Friday, 4 December 2015

Dec 4th Buckenham Marshes & Postwick Village Hall

Strumpshaw staff and volunteers at Buckenham Marshes
I was at Buckenham Marshes today to join the staff and volunteers of Strumpshaw Fen for our Christmas get together. We had a short walk down to the hide by the river and back. Thanks to the mild winter we are having so far means that the wigeon and geese are not here in large numbers yet. The marshes were near empty of bird life this morning. We did see wigeon congregated on the river and ditches, while Taiga bean geese were seen grazing far into the distance of the marshy fields. A peregrine was sitting on a gate post and we had a stonechat on a bush alongside the path we were on. When we returned from our walk, we all got into cars and travelled to Postwick Village Hall for our Christmas meal.

Wigeon in the air
Canada Geese (and hybrid Barnacle x Canada goose)
Before lunch was served, Strumpshaw's site manager Tim Strudwick gave us a slideshow talk about the history of Strumpshaw Fen. This month is Strumpshaw Fen's 40th anniversary when it opened as a reserve.

In the beginning, Strumpshaw was a piece of land that constantly flooded. In this photo from 1910, what you are looking at is where the toilets are today (where the water is!). The buildings in this photo no longer exist.

Aerial photo of Strumpshaw Fen from 1946
Dr Martin George (left) and Wesley Key
 It wasn't until the 1970's when the idea of making this flooded land into a nature reserve came to light. It was then a man named Dr Martin George saw this piece of land and thought it would make a great reserve for wildlife. Together with Wesley Key, the then owner of the Strumpshaw Steam Museum, they bought a lease of the land for the RSPB and Strumpshaw Fen was born. Dr George also bought a cottage by the reserve and still lives there to this day.

In this photo, you can see the original plans of the reserve. Originally, they had wanted a path across the middle of the reserve with a hide, but this was later scrapped. Also notice that there is no trail along the western length of the river which is now the River Trail where the Tower Hide is and where the Lackford Run path meets.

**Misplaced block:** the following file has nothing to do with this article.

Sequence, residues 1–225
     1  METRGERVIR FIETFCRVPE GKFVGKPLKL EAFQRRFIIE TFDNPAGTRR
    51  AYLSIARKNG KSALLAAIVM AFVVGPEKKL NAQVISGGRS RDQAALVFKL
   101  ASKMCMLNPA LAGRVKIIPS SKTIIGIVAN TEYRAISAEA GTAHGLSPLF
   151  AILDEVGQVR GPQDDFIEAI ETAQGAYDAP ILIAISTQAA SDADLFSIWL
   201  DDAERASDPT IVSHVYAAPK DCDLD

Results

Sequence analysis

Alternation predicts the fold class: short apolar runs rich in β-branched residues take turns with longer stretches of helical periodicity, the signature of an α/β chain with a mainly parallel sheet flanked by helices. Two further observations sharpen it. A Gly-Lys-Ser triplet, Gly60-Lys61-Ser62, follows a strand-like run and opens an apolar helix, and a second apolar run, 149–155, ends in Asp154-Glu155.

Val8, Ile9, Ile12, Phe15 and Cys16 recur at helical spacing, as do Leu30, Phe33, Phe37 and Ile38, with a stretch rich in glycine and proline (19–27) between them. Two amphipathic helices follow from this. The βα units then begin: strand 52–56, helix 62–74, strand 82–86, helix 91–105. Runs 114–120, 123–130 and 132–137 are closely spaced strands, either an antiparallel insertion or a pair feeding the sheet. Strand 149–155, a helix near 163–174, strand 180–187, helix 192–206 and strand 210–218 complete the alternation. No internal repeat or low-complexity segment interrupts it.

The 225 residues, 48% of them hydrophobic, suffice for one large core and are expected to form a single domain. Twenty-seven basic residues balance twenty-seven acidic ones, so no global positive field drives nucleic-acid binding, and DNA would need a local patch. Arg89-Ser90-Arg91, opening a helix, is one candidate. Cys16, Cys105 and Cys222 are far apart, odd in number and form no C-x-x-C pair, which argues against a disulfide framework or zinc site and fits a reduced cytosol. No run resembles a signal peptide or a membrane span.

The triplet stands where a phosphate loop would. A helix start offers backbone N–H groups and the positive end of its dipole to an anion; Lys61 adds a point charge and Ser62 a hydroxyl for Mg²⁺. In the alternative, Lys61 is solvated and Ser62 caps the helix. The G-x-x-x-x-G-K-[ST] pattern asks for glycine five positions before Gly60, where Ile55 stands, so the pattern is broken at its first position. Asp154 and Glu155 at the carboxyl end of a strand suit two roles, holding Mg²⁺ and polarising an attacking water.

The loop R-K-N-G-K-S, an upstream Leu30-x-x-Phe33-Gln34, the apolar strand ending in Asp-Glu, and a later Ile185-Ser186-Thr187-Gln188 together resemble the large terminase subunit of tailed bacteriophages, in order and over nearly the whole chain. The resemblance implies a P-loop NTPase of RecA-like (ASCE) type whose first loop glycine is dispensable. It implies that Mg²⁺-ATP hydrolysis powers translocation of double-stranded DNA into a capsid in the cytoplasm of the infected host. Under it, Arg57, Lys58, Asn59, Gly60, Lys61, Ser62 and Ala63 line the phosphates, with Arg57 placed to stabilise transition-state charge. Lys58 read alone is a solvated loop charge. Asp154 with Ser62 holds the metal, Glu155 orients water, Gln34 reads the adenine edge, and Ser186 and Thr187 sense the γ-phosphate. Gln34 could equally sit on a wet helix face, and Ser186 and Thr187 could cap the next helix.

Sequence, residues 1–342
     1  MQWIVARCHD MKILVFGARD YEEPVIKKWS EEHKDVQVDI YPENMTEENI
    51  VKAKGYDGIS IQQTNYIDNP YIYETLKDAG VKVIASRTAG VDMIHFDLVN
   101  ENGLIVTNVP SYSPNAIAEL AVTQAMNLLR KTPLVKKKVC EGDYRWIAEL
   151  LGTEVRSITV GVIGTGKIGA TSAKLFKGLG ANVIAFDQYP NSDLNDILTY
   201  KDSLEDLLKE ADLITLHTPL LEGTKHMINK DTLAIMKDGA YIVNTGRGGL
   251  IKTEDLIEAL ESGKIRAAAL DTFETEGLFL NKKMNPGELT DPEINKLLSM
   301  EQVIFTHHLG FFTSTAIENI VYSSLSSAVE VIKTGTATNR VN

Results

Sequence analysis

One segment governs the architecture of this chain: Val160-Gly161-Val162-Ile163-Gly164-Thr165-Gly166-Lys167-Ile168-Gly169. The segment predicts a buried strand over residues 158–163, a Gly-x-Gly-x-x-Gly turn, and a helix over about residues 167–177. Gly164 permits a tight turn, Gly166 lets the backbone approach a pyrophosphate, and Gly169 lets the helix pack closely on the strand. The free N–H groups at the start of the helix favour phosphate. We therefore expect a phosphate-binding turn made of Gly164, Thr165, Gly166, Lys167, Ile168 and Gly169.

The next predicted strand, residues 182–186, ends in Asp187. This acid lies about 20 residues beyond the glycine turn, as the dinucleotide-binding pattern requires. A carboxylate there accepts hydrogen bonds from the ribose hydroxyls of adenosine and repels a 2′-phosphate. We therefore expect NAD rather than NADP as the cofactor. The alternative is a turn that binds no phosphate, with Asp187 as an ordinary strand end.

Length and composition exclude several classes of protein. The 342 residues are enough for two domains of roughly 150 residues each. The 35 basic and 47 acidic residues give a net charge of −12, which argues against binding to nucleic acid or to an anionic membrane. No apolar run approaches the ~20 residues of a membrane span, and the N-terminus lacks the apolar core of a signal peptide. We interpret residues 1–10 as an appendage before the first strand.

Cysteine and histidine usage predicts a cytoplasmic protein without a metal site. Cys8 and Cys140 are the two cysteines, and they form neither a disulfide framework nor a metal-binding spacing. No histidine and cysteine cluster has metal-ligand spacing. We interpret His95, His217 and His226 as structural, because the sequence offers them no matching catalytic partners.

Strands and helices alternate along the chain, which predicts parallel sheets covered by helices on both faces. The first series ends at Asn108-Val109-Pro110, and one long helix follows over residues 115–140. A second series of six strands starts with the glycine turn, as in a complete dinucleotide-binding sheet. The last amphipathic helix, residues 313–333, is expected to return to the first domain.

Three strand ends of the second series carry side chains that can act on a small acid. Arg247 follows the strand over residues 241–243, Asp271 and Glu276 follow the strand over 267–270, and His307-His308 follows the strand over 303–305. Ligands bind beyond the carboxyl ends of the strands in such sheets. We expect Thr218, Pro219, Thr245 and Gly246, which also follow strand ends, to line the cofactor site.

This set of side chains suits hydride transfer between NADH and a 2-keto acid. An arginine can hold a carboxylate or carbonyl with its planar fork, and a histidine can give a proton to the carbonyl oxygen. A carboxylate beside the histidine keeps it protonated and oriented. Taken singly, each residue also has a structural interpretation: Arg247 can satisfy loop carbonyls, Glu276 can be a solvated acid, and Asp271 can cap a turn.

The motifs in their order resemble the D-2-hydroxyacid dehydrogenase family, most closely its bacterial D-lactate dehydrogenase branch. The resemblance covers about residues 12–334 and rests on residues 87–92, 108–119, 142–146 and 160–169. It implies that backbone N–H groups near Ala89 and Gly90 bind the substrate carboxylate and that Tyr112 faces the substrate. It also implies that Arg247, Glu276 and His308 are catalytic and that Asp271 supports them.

Aerial photo of Strumpshaw Fen in its early years as a nature reserve

The 1980's saw a lot of management work in creating the lakes and reedbeds. Water pumps were used to shift the water across the reserve. In 1984, the original Tower Hide was built. It was made of wood and was very shaky in strong winds. It was later replaced in 2003 with a more sturdier model.

The original Tower Hide, 1984
The current Tower Hide, 2003
 In these early years, visitors had to meet a volunteer in a wooden hut. Eventually, they turned what is now the Reception Hide as the place where visitors pay their entry fee. Good thing too as I would never see anything over the reserve from that hut!

Marsh Harrier chicks
The reserve's first major milestone was the return of the marsh harriers. This species was extinct in the UK until the 1970's when they started returning by themselves. Strumpshaw was one of the first reserves to have marsh harriers successfully breed. In 2003, the first bitterns began to breed on the reserve too. Bittern numbers had crashed to near extinction in the 1990's, but now they have boomed out of the red and we have a steady population.   

It hasn't been all good news at Strumpshaw despite the success of marsh harriers, bitterns and otters. We have lost species such as lesser spotted woodpecker, turtle dove, willow tit and tree sparrow, all once common here now lost completely. Worst was still to come as we entered the new Millennium with the threat of rising sea levels. Salt water was entering the fen from the river and it was killing wildlife such as fish and dragonflies. We now check salt levels constantly and use our sluice system to drain it from the reserve. Mink was also a threat. As a non-native species, they kill much of the native species at an alarming rate, especially water voles. Traps were placed to capture them and though we still have mink on the reserve, there are now fewer of them around.

Aerial photo of Strumpshaw Fen today
So what about the future? After our Christmas meal, we had a Q&A to discuss just that. I learned that there are plans to replace Fen Hide, improve the toilet area as well as the paths. There will be more to educate the public and children especially about the wildlife on the reserve. Portable signs that will point out wildlife, like certain insect and plant species you may have missed (like the ones used at Minsmere) will hopefully be used in the near future. However, there are issues such as rising sea levels creating constant flooding and high salt levels in the water which we can not control. This could mean we could lose Strumpshaw as a fenland habitat, poisoned by the high salt levels. But whatever the future may bring, the staff and volunteers will keep it running as the place we know and love as long as possible for many years to come. So happy birthday Strumpshaw Fen! Here's to another 40 years and more!

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